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Path Expressions

While monitors can handle both mutual exclusion and synchronization, the mechanisms for supporting these two forms of process coordination have important differences. Mutual exclusion is specified by high-level declarations indicating which procedures are entry procedures and the code for supporting it is generated by the compiler. On the other hand, process synchronization is implemented by low-level code scattered throughout the monitors that is as low-level as the semaphore code. In particular, it is subject to the problem that a wait may not be associated with a matching signal.

Path expressions overcome this problem by allowing coordination constraints to be specified by high-level declarations that are defined in a single-place, provide a unified mechanism for supporting both mutual exclusion and synchronization, and are implemented by complier-generated code. Like monitors, they extend the abstraction of a module - instead of defining entry procedures and conditions, the programmer associates a module with a path expression that defines the coordination constraints of the module.

A path expression is much like a regular expression - the ``alphabet'' consists of operation (procedures) defined by the associated module. The operators are , for concurrency, ; for sequential execution, N: (path_exp) to specify upto N concurrent activations of path_exp, and [path_exp] to specify an unbounded number of concurrent executions of path_exp. Let us illustrate the semantics of path expressions using the bounded buffer example:

{\bf module} BoundedBuffer;

{\bf export} GetBuffer, PutBuffer;

{\bf const}
	size = 10;
{\bf type}
	Datum = ... /* the data type of the contents of the buffer */
{\bf var}
	buffer: {\bf array} 0..size-1 {\bf of} Datum;
	nextIn, nextOut: 0..size-1; /* index of next datum to place in buffer or remove
	nonEmpty, nonFull: {\bf condition};

{\bf procedure} PutBuffer (what: Datum);
{\bf begin}
	buffer [nextIn] <- what;
	nextIn <- (nextIn + 1) {\bf mod} size;
{\bf end};

{\bf procedure} GetBuffer({\bf var} result: Datum);
{\bf begin}
	result <- buffer[nextOut];
	nextOut <- (nextOut + 1) {\bf mod} size;
{\bf end};

{\bf begin} /* initialization code */
	nextIn <- 0;
	nextOut <- 0;
{\bf end};
This is the same implementation as the one we saw for the monitor case except that all code specifying coordination constraints has been removed. An interesting consequence is that the variable count shared by GetBuffer and PutBuffer has disappeared, allowing these two procedures to execute concurrently.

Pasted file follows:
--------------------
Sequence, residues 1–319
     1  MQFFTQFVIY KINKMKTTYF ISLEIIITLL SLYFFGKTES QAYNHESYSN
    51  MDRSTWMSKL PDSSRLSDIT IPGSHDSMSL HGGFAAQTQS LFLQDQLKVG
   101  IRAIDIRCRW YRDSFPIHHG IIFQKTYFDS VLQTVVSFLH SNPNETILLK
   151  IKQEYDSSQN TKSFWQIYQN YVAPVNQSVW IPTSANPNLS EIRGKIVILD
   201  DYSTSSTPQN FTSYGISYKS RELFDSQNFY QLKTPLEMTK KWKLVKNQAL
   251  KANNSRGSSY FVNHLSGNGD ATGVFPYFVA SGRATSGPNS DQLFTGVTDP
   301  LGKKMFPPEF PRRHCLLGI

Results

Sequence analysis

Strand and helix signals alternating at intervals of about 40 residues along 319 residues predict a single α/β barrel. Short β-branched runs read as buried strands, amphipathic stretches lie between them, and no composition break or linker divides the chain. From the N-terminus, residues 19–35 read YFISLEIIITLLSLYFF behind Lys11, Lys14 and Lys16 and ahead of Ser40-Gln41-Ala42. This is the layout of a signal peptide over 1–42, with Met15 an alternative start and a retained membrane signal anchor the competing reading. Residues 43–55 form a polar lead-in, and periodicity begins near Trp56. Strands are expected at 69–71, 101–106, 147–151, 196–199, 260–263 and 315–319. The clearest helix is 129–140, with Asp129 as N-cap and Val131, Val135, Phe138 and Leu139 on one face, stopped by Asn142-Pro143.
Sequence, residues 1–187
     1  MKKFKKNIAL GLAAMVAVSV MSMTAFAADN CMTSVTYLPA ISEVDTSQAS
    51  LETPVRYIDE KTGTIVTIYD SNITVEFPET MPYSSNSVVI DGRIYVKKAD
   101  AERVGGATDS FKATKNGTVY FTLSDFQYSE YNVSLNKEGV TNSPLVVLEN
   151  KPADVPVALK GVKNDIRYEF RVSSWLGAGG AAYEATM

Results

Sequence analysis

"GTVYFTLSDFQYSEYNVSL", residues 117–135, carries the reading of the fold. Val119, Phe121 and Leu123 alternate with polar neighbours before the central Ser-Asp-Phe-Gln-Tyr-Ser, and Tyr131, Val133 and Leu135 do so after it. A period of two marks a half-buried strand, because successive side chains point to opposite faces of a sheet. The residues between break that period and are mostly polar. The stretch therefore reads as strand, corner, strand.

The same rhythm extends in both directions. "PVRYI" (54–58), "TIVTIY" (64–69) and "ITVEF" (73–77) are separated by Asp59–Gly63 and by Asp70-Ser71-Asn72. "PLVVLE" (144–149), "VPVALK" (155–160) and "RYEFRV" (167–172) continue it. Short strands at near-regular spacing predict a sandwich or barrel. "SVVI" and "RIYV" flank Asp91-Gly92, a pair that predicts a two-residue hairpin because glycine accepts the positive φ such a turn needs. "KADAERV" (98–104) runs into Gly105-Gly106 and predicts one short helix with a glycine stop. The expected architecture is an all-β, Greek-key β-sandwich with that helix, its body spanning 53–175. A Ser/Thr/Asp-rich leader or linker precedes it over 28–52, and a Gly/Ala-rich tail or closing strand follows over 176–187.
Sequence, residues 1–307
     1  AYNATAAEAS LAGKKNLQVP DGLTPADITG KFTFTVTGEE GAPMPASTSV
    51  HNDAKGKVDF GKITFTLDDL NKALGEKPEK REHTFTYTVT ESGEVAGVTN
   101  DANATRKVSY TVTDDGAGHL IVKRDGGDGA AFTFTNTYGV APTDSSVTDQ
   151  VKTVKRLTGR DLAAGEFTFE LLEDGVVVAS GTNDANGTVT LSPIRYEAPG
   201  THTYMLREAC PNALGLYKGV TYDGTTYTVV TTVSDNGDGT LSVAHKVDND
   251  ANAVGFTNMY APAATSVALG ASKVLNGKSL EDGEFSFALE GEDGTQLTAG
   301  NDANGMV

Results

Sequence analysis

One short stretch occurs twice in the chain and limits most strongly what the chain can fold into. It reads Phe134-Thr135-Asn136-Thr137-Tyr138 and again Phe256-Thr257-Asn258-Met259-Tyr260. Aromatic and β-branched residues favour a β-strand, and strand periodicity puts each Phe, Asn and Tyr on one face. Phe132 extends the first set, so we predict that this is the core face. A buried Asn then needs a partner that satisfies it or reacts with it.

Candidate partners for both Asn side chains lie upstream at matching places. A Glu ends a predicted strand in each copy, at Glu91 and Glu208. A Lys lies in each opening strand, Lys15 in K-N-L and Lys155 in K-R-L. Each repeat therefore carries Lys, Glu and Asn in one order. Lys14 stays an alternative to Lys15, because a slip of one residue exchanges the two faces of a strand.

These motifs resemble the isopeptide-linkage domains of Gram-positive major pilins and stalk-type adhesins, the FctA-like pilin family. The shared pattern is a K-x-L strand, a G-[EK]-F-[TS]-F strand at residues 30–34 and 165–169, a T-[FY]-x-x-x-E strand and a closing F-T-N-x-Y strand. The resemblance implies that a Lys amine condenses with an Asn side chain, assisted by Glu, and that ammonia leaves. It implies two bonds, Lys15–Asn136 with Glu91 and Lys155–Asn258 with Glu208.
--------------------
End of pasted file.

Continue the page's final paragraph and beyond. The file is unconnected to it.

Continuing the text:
Let us try some path expressions to specify coordination constraints for this module. The three expressions

PutBuffer, GetBuffer
[PutBuffer, GetBuffer]
[PutBuffer], [GetBuffer]
all specify that an arbitrary number of activations of the two procedures can be executed concurrently. Thus they do not place any constraints on the module. The expression
PutBuffer; GetBuffer
on the other hand specifies that each activation of GetBuffer be preceded by an execution of PutBuffer but there can be concurrent activations of this serial sequence. Thus, it ensures that the number of completed executions of GetBuffer never exceeds the number of completed executions of completed executions of PutBuffer. It does not, however, prevent multiple executions of GetBuffer or PutBuffer to be active simultaneously. The expression
1 : (PutBuffer; GetBuffer)
ensures that there can only be one activation of this sequence at any one time. Thus, it ensures that the two procedures alternate (staring with PutBuffer ) and implements a bounded buffer of size 1.

The expression

N: (1: (PutBuffer); 1 : (GetBuffer))
ensures that:

we can have at most one concurrent execution of PutBuffer at any one time;

we can have at most one concurrent execution of GetBuffer at any one time;

each activation of GetBuffer is preceded by an activation of PutBuffer,

the number of completed PutBuffer executions is never more than N greater than the number of completed GetBuffer operations.

Thus, it implements a bounded buffer of size N.

Path expression can also easily specify the multiple readers/ single writer constraint:

1 : ([read], write)
This expression indicates that there can be an unbounded number of reads and a single write concurrently active at any time. However, it lets the reader get at potentially inconsistent information. The following constraint
1 :([read]; write)
gives the stronger constraint that readers and writers do not simultaneously execute. Here we are assuming that [] means 0 or more and not 1 or more concurrent activations.

While path expressions are high-level, they cannot specify all kinds of process coordination constraints. For instance, there is no way to specify a more fair readers/writers constraint that ensures that a writer is not starved. In general, there is no way for specifying constraints that depend on information other than the history of operations invoked so far.

next up previous
Next: Synchronous Message Passing Up: Process Coordination Previous: Monitors

Prasun Dewan
Wed Oct 16 15:58:47 EDT 1996